There is a beautiful sutra mentioned in Patanjali Yoga Sutras that says, Jatidesha kalasamayanavachchinnaha sarvabhouma mahavratam meaning ‘the great vows are universal and are not limited by life — state, country, time or circumstances’.
These words are applicable everywhere, all the time and to everyone. These five principles mentioned above are universal. An animal does not go into violence for no reason. Wild animals hunt only when they are hungry and when they want to eat. Humans hunt out of pleasure. Human beings have no qualms about killing in the name of God. Mindless violence is prevalent in the world in the name of country, in the name of religion, in the name of race. This is total lack of viveka or wisdom. A violent person cannot listen to anybody.
Why does violence arise? Frustration is the answer. The mind gets frustrated and frustration builds up. The question ‘why, why, why?’ transforms into violence and becomes contagious, so to speak. A crowd commits violence. Individually, a person may not be able to do that violent act, but when that person is in the crowd he joins hands. Viveka is when a person takes to non-violence saying, “I will not kill any animal or any life on this planet consciously or unconsciously.” Already without your knowledge you are destroying many creatures. You walk and many ants are dying under your feet. You are not killing anyone. It is just happening. But an intention to destroy something, an intention to do violence can destroy your very basis, your very root. Dropping this intention for violence is ahimsa.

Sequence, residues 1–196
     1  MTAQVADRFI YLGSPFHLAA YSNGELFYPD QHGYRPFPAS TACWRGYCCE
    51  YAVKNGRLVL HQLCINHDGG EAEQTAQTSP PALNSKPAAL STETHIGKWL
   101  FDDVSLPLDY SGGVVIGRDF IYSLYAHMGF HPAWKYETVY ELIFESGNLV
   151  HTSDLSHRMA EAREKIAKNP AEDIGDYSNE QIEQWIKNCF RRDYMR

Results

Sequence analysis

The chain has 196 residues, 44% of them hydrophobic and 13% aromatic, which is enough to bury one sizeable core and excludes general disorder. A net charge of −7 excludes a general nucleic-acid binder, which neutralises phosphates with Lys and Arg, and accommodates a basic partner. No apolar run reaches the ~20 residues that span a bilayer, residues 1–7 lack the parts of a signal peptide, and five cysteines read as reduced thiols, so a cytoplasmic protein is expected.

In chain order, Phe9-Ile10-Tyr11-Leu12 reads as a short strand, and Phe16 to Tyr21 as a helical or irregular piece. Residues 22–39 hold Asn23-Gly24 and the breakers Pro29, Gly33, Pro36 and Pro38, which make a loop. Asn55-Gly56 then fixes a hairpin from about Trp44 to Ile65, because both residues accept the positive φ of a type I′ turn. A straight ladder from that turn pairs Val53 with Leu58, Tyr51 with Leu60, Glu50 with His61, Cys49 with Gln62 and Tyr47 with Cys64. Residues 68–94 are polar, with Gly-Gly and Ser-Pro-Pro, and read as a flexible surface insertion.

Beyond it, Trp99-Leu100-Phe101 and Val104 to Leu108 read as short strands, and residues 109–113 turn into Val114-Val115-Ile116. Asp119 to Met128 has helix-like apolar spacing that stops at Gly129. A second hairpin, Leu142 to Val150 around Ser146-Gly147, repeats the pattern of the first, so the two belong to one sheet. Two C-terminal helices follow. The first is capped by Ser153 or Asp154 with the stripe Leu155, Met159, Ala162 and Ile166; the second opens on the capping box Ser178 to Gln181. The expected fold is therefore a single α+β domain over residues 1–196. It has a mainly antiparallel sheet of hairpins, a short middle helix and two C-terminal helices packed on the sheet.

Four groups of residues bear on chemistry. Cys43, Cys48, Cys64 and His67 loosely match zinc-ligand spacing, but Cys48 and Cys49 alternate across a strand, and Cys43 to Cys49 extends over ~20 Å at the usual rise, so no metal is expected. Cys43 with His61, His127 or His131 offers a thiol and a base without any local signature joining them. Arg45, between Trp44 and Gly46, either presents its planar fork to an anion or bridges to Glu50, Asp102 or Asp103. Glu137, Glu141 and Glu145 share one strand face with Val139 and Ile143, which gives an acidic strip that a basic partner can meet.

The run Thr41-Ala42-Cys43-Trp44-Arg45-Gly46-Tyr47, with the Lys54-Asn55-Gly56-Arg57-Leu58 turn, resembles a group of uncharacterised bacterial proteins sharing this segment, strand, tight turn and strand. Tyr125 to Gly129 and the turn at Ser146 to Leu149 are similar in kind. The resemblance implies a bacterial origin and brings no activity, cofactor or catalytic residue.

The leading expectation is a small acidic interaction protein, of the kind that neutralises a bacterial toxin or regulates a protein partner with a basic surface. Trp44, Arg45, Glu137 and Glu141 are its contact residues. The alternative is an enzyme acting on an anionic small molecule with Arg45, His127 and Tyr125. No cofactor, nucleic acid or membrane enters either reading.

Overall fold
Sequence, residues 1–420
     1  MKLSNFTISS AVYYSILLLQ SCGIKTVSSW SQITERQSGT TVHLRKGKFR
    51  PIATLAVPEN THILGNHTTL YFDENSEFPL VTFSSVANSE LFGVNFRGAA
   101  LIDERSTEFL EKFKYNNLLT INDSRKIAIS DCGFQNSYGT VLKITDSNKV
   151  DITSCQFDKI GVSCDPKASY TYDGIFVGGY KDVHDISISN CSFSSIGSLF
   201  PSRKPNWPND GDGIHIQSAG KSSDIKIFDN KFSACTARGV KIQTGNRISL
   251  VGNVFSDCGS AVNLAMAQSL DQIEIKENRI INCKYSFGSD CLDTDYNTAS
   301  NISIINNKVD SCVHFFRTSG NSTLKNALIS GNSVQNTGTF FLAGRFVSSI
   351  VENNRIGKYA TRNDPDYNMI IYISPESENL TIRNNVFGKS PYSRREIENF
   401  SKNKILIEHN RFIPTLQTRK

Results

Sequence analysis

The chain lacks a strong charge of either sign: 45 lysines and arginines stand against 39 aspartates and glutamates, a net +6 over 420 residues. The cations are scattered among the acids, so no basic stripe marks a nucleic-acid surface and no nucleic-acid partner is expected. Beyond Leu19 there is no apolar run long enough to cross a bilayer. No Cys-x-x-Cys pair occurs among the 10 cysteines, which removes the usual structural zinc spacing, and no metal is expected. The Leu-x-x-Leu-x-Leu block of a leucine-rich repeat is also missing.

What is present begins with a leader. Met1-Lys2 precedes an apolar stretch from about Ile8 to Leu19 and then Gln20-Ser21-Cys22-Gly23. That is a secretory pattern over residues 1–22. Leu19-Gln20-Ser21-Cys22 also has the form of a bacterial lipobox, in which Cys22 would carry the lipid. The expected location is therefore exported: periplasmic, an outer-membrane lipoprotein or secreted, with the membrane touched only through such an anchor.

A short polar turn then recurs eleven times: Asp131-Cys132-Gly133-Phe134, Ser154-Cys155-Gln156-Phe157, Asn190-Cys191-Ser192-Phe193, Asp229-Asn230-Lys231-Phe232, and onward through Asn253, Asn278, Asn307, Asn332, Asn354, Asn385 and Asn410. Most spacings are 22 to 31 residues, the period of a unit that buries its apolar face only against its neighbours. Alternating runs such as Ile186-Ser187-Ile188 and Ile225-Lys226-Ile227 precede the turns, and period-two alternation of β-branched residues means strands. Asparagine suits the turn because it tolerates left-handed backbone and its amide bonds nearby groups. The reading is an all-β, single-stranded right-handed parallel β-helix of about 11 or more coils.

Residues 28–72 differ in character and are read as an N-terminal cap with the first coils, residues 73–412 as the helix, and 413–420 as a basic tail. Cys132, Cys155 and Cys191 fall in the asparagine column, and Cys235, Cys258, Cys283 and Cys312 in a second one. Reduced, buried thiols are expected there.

What is the effect of ahimsa? Patanjali Maharishi gives a beautiful explanation in Sutra 35: Ahimsapratishtayam tatsannidhau vairatyagaha, which means “When a person is established in non-violence, then violence is dropped in his or her presence.”
If you are established in non-violence, in your very presence, violence will be dropped by other creatures. For example, someone comes to attack you. As soon as they come near you, because your vibrations are totally non-violent, they drop down. They stop being violent. Lord Mahavira emphasises on ahimsa. It is said that whenever he walked, twenty kilometers around him, people would stop being violent. The story goes even to that extent and says even the thorns would not prick anybody but would instead become soft.
Ahimsa gives rise to tolerance. Have you ever felt like hitting somebody? Why is that violence arising in your mind? What is the source of the violence? As you watch the source of violence, you will see that violence disappears, dissolves and peace dawns. Yoga brings that inner peace which in turn establishes non-violence. Practice of non-violence is two-way traffic. Ahimsa or non-violence brings about the union of the mind or peace of mind and when you are peaceful or calm within, you naturally become non-violent.